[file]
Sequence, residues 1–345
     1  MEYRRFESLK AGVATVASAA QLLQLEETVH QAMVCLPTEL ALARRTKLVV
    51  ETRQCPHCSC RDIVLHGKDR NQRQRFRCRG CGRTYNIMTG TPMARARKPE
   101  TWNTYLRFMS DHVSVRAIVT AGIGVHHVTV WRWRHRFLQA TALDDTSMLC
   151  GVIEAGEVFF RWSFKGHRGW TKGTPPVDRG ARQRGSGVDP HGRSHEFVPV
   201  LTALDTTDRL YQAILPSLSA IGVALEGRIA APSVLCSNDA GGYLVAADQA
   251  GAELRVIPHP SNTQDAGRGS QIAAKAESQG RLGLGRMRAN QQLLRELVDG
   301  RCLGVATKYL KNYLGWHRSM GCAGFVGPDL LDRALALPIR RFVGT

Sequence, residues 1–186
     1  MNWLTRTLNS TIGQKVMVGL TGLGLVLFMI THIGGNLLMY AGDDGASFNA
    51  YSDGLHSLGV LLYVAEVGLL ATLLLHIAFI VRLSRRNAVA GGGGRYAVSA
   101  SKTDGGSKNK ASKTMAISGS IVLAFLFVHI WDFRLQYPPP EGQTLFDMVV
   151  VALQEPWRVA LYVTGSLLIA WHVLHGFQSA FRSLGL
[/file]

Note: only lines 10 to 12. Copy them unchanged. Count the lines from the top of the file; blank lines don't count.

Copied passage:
     1  MNWLTRTLNS TIGQKVMVGL TGLGLVLFMI THIGGNLLMY AGDDGASFNA
    51  YSDGLHSLGV LLYVAEVGLL ATLLLHIAFI VRLSRRNAVA GGGGRYAVSA
   101  SKTDGGSKNK ASKTMAISGS IVLAFLFVHI WDFRLQYPPP EGQTLFDMVV